Nitrous Oxide: Legal consequences

Last modified: Saturday, 20. June 2009 - 2:18 pm

Legal consequences of Nitrous Oxide

Most states have laws regarding inhalant (or volatile substance) use and abuse on the books. In recent years, laws that are specific to nitrous oxide use and distribution have been written in many states. For example, in Connecticut, Arizona, Texas, and Michigan, it is illegal for anyone under the age of 18 to purchase nitrous oxide, even in food grade cartridges. In Arizona, anyone caught selling N20 to minors faces up to 18 months in jail and a $150,000 fine.
In Wisconsin, the minimum age for purchasing nitrous oxide is 21. However, state legislation passed in 1998 makes it illegal for anyone to inhale or even intend to inhale nitrous outside of medical or dental settings. Anyone who distributes or delivers nitrous to someone with the knowledge that they are using it for illicit purposes can also be charged under Wisconsin law. A number of states, including Texas, California, Ohio, and Iowa, have variations on this law.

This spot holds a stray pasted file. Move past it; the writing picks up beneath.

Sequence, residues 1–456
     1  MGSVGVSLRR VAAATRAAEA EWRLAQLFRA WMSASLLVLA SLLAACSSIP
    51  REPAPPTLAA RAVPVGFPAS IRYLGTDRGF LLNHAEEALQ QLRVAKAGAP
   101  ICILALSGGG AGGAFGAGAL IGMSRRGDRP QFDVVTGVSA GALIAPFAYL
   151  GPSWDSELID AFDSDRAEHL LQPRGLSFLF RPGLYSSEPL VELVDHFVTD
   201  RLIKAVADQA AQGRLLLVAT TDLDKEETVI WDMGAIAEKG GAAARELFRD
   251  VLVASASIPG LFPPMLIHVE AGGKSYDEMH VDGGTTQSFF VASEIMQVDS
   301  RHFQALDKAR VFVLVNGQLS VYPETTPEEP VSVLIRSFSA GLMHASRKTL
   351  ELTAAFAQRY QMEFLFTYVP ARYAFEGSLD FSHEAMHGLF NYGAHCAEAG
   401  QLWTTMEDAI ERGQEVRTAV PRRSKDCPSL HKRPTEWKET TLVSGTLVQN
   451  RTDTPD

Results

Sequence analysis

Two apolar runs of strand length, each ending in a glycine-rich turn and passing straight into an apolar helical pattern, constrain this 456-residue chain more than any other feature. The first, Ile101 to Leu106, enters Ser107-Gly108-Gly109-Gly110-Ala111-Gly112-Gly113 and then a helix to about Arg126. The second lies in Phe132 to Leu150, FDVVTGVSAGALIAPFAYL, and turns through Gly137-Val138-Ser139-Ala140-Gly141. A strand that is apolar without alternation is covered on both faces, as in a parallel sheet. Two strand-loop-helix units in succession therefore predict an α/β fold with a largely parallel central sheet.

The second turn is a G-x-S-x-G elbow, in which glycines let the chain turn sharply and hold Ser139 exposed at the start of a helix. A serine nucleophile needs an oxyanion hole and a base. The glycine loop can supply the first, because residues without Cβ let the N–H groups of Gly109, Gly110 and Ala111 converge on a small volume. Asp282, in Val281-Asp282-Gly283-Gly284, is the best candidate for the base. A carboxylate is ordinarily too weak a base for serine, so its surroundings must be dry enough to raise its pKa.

Illicit use, or possession with intent to use, is typically a misdemeanor in most states, and may be punishable by a small fine. Knowingly selling nitrous for illicit use carries a heftier price tag; it is a felony in many states and can involve significant jail time and cash fines.

Legal history

Nitrous oxide is not a U.S. Drug Enforcement Administration controlled substance. Nitrous oxide is regulated at the federal level by the United States Food and Drug Administration (FDA), as a food-grade propellant, medical grade gas, and prescription drug. In the 1990s, in an attempt to curb growing abuse of nitrous oxide, a number of states passed laws placing strong safeguards and stricter penalties on its illicit use.

Federal guidelines, regulations, and penalties

Use of the medical grade gas is by prescription only, and regulated by the FDA. Compressed medical gas suppliers must register with FDA, and are subjected to facility inspections from FDA at least once every two years. Licenses required to purchase and administer nitrous oxide in the healthcare setting is regulated on a state level.
Theft of nitrous oxide tanks from medical and other facilities is not uncommon. Some industry trade groups are working with state legislatures to pass stricter regulations on nitrous sales and theft-prevention guidelines in an effort to deter abuse.

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